Coconut oil has been touted as a superfood for a few years now despite containing a high concentration of saturated fat. Back in 2015 the wellness industry embraced the fibrous drupe, with everyone from Gwyneth Paltrow to Kourtney Kardashian singing its praises and sales subsequently skyrocketed. But the mighty coconuts day in the sun was short lived after Harvard professor Karin Michels branded it 'pure poison' during a lecture at the University of Freiburg.
Expert opinion remains divided about the true superpowers of coconut thanks to its relationship with clogged arteries and trans fat. But while its position on the superfood shelf is up for debate, there have been some interesting findings when it comes to coconut oil and skincare. Is coconut oil a secret elixir for skin and hair health? Dr Louise Wiseman examines the facts:
What is coconut oil?
Coconuts are loosely described as a fruit, a nut or a seed, but they are in fact something called a ‘drupe’ - which is a fruit with a hard stony covering. Coconut oil is simply the oil derived from coconuts that is extracted from the kernel or white ‘meaty’ part of the coconut. Coconuts are truly multifunctional – for centuries they have provided drink, fibre, food and even fuel. Botanical oils have historically been applied to skin long before skincare ranges existed and while it may be relatively new to the wellness scene, residents of the Tropics have incorporated coconut oil into their skin and hair care regimes for thousands of years.
But coconut oil is a contentious superfood because it is basically all fat. It has a much greater saturated fat content than many other natural oils - including lard and butter! Although this means we need to watch how much of it we consume, in terms of application to the skin this can actually be a good thing.
At normal room temperature coconut oil is a solid. The saturated fat in coconut oil is mainly Lauric acid but it also contains fatty acids including Myristic acid, Palmitic acid, Caprylic acid, Capric acid, Oleic acid, Linoleic acid and Stearic acid. These fats are in a linear structure and sit tightly next to each other, but they also melt at around 25 degrees so can easily blend into the skin. Coconut oil also contains vitamins, minerals and plant sterols that all benefit skin health.
The different types of coconut oil
Not all coconut oils are the same. Just like olive oil, coconut oil comes in different preparations. The coconut oil you cook with may not be the same as the one you choose to put on your skin.
Scientific skin studies tend to use Virgin Coconut Oil (VCO). A bit like the manufacture of virgin olive oil, this has been prepared through mechanical or natural means which do not alter the oil. It is extracted from raw coconuts by a method called wet processing. It won’t have been bleached, chemically refined or deodorised in the same way that refined coconut oil is. This is formed by dry processing from dried coconuts. Dry processing may also use undesirable solvents such as hexane.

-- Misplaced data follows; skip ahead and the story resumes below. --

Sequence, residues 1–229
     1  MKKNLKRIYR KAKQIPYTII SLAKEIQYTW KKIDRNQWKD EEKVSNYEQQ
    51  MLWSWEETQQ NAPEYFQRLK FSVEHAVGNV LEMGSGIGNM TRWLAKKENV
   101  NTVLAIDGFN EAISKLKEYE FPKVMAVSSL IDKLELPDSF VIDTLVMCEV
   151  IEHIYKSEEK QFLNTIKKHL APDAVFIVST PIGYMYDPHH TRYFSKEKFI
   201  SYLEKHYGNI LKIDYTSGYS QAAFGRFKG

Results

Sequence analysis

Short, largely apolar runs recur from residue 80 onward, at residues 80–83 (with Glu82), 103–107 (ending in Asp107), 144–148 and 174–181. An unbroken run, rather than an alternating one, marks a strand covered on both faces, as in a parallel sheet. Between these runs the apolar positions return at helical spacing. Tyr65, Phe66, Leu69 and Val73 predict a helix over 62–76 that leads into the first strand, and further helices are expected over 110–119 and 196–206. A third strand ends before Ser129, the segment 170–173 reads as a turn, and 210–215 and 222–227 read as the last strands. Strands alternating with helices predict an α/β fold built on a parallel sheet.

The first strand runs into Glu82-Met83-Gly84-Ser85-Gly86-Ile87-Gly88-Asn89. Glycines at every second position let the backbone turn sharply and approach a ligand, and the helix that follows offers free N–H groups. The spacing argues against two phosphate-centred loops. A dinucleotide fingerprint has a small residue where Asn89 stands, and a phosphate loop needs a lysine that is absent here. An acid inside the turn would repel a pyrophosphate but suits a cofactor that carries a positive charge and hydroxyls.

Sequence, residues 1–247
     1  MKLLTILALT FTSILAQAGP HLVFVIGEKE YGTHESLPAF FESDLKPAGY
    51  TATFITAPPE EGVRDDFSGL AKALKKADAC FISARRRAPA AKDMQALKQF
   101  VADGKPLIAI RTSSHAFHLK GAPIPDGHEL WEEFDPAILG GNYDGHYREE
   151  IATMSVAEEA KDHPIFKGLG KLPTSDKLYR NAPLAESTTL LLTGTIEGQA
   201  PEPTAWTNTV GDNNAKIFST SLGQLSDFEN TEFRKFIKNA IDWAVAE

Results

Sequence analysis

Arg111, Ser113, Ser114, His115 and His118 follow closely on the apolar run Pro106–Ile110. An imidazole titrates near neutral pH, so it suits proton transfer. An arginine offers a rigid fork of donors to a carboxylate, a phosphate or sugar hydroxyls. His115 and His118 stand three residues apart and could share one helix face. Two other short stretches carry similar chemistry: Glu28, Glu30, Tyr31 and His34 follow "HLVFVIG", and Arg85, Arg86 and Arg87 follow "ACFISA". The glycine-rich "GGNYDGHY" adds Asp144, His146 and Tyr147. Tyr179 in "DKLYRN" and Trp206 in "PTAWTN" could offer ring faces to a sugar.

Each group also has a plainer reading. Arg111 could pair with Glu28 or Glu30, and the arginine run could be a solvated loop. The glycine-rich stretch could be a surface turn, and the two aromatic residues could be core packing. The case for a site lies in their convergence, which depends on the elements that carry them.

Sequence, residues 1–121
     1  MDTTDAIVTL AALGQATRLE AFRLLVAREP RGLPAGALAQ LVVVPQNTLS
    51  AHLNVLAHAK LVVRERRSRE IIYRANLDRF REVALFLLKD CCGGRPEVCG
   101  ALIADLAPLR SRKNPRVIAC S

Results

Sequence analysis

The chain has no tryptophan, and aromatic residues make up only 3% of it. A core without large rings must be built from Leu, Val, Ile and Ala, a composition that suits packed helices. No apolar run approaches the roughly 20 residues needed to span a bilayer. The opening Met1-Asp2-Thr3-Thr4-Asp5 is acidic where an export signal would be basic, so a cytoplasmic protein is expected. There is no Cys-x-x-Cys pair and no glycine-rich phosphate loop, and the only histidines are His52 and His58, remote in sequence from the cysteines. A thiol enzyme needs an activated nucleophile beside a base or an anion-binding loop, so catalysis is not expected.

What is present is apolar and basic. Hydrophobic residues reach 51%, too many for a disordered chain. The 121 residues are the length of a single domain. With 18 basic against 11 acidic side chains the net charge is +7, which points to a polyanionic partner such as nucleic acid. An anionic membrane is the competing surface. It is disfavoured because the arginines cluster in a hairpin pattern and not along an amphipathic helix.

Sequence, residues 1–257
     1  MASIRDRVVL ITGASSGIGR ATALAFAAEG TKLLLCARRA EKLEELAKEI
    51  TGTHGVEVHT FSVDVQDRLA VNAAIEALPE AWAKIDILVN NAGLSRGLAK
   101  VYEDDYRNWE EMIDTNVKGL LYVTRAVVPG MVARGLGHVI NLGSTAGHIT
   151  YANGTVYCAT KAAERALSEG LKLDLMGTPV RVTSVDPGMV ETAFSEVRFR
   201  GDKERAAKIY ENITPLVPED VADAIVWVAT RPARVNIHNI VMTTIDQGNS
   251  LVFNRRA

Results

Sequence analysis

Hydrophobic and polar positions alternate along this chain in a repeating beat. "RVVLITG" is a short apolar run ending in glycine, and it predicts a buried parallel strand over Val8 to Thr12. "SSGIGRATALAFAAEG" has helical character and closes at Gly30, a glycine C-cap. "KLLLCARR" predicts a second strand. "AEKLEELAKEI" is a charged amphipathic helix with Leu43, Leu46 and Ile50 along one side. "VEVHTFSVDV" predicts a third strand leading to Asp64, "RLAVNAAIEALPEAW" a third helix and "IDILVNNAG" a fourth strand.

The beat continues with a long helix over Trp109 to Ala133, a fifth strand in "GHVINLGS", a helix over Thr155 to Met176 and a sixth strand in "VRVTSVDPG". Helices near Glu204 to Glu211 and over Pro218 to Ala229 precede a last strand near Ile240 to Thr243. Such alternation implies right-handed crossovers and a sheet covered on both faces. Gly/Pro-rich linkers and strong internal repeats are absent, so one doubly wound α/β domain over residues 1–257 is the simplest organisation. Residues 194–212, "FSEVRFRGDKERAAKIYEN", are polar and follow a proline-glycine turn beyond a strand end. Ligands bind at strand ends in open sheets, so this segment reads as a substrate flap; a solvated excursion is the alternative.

For cooking purposes, dry processed refined coconut oil may be better as it has a higher smoke point. For skin, wet processed virgin coconut oil is preferable. Animal and test tube studies all point to virgin coconut oil having greater antioxidant or free radical fighting potential than refined oil – in other words it is good for neutralising the negative effects of the world around us and our lifestyle.
Is coconut oil a miracle skincare product?
Proponents of coconut oil as a skincare product often report their skin to be more supple and radiant following repeated use, but this benefit may not be true for everyone. The trouble is, coconut oil sits on top of the skin to seal in moisture, which can lead to congestion for certain skin types. Studies have however shown potential in the following areas when coconut oil is applied topically:
Improving and supporting the skin barrier for people with dry skin.
Use as a general moisturiser.
Protection against infection within the skin.
Protection against inflammation.
Improved wound healing.
Theoretical therapy for some acne patients.
So is coconut oil the secret skin elixir you've been searching for? All skins types are different and much of the research into coconut oil is carried out in animal or test tube studies, so it is important to consider the real evidence in these areas before deciding if coconut oil is right for you.
Is coconut oil an effective moisturiser?
Coconut oil has equivalent moisturising properties to mineral oils (paraffin or petroleum-based products) and is also considered to be safe to use. Coconut oil is an occlusive moisturiser, so it sits on the skin to reduce moisture loss rather than penetrating it. Occlusives can be compared by a measure called Transepidermal Water Loss (TEWL). This TEWL is increased in dermatitis or those with dry skin. Studies including those in children have proved that Virgin Coconut Oil was better or equivalent for moisturising in mild and moderate cases of skin dryness than mineral oils.